ALBUQUERQUE, N.M. – More children in New Mexico and around the nation now have health coverage.
According to a new report by the Georgetown University Center for Children and Families, the rate of uninsured children dropped to a historic low of six percent nationally in 2014, the year the Affordable Care Act (ACA) went into effect.
Abuko Estrada, staff attorney with the New Mexico Center on Law and Poverty, cites the state’s decision to expand Medicaid under the ACA as a significant factor for the increased coverage of children in the state. He says the move helped create what he calls a “welcome mat effect” when adults went looking for insurance.
“Because their parents were going to see what options they had to get coverage under the Affordable Care Act, we were able to capture some of those kids that were missing,” he says.
New Mexico was one of 13 states with uninsured rates higher than the national average, according to the study, but the state did make gains. In 2013, an estimated 43,000 New Mexico kids weren’t insured – that number dropped to just over 36,000 in 2014.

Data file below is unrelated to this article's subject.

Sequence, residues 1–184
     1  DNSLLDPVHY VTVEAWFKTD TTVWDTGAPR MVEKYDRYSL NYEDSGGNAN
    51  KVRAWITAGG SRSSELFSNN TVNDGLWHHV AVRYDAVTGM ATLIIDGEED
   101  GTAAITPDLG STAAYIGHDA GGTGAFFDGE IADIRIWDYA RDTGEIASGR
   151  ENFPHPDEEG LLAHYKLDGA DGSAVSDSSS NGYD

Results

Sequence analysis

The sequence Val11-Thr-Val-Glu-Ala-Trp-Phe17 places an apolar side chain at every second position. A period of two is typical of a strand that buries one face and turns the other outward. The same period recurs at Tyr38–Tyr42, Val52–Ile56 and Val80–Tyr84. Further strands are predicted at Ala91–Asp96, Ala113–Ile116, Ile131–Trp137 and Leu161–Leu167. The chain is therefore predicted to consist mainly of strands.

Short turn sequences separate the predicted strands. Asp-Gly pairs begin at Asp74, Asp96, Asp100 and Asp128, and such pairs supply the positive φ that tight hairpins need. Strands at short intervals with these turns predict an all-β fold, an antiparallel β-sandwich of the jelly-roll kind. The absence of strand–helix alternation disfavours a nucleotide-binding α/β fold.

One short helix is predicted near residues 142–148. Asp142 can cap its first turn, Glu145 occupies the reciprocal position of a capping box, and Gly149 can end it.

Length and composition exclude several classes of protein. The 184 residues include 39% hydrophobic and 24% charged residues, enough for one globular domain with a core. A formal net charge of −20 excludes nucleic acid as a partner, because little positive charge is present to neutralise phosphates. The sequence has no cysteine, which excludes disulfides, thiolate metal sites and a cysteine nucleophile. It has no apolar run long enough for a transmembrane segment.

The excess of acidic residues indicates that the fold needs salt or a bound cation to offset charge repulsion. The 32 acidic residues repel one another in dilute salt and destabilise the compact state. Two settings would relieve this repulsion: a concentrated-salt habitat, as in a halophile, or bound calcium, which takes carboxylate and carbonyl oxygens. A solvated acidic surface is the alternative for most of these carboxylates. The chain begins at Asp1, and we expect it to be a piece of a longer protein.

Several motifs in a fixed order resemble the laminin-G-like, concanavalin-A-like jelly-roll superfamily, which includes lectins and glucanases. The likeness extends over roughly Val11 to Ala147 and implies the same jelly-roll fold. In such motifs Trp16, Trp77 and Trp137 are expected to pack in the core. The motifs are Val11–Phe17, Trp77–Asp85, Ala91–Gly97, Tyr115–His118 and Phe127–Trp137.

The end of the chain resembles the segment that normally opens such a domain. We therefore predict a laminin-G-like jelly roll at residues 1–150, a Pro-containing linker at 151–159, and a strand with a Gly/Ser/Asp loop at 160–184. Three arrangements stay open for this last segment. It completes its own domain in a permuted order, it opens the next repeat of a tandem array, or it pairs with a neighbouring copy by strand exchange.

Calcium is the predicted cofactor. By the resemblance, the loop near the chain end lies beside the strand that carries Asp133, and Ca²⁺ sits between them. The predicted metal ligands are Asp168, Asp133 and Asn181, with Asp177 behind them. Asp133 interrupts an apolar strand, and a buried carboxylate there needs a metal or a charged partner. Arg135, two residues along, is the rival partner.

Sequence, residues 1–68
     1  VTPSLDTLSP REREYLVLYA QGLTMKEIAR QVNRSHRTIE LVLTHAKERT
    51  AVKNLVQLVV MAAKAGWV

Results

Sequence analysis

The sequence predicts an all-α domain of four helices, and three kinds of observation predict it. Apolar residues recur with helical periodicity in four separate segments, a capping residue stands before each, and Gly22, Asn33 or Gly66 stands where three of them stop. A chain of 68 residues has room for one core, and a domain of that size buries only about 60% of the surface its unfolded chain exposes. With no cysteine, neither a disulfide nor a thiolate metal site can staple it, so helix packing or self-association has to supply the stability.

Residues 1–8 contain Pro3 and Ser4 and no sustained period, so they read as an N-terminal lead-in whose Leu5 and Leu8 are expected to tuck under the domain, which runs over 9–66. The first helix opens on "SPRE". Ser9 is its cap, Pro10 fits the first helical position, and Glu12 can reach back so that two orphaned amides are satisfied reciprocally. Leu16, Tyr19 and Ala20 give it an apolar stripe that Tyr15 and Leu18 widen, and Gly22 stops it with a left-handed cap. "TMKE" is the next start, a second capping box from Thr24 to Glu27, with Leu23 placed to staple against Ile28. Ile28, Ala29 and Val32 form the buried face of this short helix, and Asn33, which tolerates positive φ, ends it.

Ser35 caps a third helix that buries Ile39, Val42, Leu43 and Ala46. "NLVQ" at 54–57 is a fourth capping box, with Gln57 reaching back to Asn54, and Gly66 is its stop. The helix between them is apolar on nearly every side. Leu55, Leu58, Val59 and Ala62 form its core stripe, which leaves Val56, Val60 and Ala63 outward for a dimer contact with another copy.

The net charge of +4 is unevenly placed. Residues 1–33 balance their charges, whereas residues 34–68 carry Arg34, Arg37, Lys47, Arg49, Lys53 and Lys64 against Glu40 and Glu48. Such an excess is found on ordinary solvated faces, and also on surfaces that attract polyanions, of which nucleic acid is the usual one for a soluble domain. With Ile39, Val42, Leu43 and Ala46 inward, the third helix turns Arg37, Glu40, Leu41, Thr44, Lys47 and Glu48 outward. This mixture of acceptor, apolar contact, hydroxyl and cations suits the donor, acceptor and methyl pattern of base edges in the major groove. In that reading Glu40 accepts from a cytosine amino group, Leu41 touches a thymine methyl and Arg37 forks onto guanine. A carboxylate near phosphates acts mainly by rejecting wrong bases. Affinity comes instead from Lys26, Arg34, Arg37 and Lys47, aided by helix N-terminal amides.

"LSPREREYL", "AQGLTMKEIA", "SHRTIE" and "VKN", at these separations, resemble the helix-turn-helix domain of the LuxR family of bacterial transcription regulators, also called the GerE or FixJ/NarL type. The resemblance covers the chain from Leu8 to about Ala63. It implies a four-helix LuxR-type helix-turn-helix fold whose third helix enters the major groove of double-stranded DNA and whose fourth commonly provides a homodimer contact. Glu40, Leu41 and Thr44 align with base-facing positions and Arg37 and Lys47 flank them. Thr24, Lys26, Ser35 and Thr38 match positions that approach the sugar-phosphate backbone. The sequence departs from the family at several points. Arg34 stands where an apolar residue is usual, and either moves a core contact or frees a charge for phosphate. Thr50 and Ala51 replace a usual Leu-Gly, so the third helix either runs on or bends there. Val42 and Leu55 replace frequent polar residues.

Estrada says while the overall improvements are positive, there’s still work to do. According to the study, just under 4.4 million children in the U.S. still don’t have health insurance.
The report demonstrates that after the rollout of the ACA, 25 states recorded declines in the number of uninsured children, and no state showed significant increases. Report co-author Joan Alker, executive director at Georgetown’s Center for Children and Families, says the study confirms that years of work by policymakers and other stakeholders to reform health care in the U.S. is starting to pay off.
“The Affordable Care Act, which is a significant domestic policy initiative, was really building on a decade of success for kids with Medicaid and CHIP,” says Alker. “But we did see a significant decline from 7.1 percent to six percent in the rate of uninsured kids.”
The report also found that Hispanic and school-aged children were disproportionately uninsured, as well as children living in rural areas or low-income families. Alker says if more states decide to expand adult eligibility for Medicaid coverage, uninsured rates for children could drop even further.